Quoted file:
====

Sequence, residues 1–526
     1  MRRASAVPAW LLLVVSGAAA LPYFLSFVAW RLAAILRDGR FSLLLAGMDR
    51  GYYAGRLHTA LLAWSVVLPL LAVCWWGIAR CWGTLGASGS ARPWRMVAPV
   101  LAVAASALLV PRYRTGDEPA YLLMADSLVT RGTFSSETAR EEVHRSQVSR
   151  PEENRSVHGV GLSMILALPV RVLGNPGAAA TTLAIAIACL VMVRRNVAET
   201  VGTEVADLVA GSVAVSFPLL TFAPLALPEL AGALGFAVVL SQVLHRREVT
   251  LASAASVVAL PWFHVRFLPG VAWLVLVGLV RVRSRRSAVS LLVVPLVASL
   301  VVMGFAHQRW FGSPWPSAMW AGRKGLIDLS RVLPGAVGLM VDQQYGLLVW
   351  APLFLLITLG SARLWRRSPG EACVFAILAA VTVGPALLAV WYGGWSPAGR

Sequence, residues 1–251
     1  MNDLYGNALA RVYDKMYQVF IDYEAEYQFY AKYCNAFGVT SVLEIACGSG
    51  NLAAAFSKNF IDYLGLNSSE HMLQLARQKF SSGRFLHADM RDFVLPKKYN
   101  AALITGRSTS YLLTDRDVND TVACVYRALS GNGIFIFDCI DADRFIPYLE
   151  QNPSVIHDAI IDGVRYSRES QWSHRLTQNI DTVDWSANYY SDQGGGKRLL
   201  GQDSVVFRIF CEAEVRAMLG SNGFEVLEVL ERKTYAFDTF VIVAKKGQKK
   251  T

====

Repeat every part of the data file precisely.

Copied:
Sequence, residues 1–526
     1  MRRASAVPAW LLLVVSGAAA LPYFLSFVAW RLAAILRDGR FSLLLAGMDR
    51  GYYAGRLHTA LLAWSVVLPL LAVCWWGIAR CWGTLGASGS ARPWRMVAPV
   101  LAVAASALLV PRYRTGDEPA YLLMADSLVT RGTFSSETAR EEVHRSQVSR
   151  PEENRSVHGV GLSMILALPV RVLGNPGAAA TTLAIAIACL VMVRRNVAET
   201  VGTEVADLVA GSVAVSFPLL TFAPLALPEL AGALGFAVVL SQVLHRREVT
   251  LASAASVVAL PWFHVRFLPG VAWLVLVGLV RVRSRRSAVS LLVVPLVASL
   301  VVMGFAHQRW FGSPWPSAMW AGRKGLIDLS RVLPGAVGLM VDQQYGLLVW
   351  APLFLLITLG SARLWRRSPG EACVFAILAA VTVGPALLAV WYGGWSPAGR

Sequence, residues 1–251
     1  MNDLYGNALA RVYDKMYQVF IDYEAEYQFY AKYCNAFGVT SVLEIACGSG
    51  NLAAAFSKNF IDYLGLNSSE HMLQLARQKF SSGRFLHADM RDFVLPKKYN
   101  AALITGRSTS YLLTDRDVND TVACVYRALS GNGIFIFDCI DADRFIPYLE
   151  QNPSVIHDAI IDGVRYSRES QWSHRLTQNI DTVDWSANYY SDQGGGKRLL
   201  GQDSVVFRIF CEAEVRAMLG SNGFEVLEVL ERKTYAFDTF VIVAKKGQKK
   251  T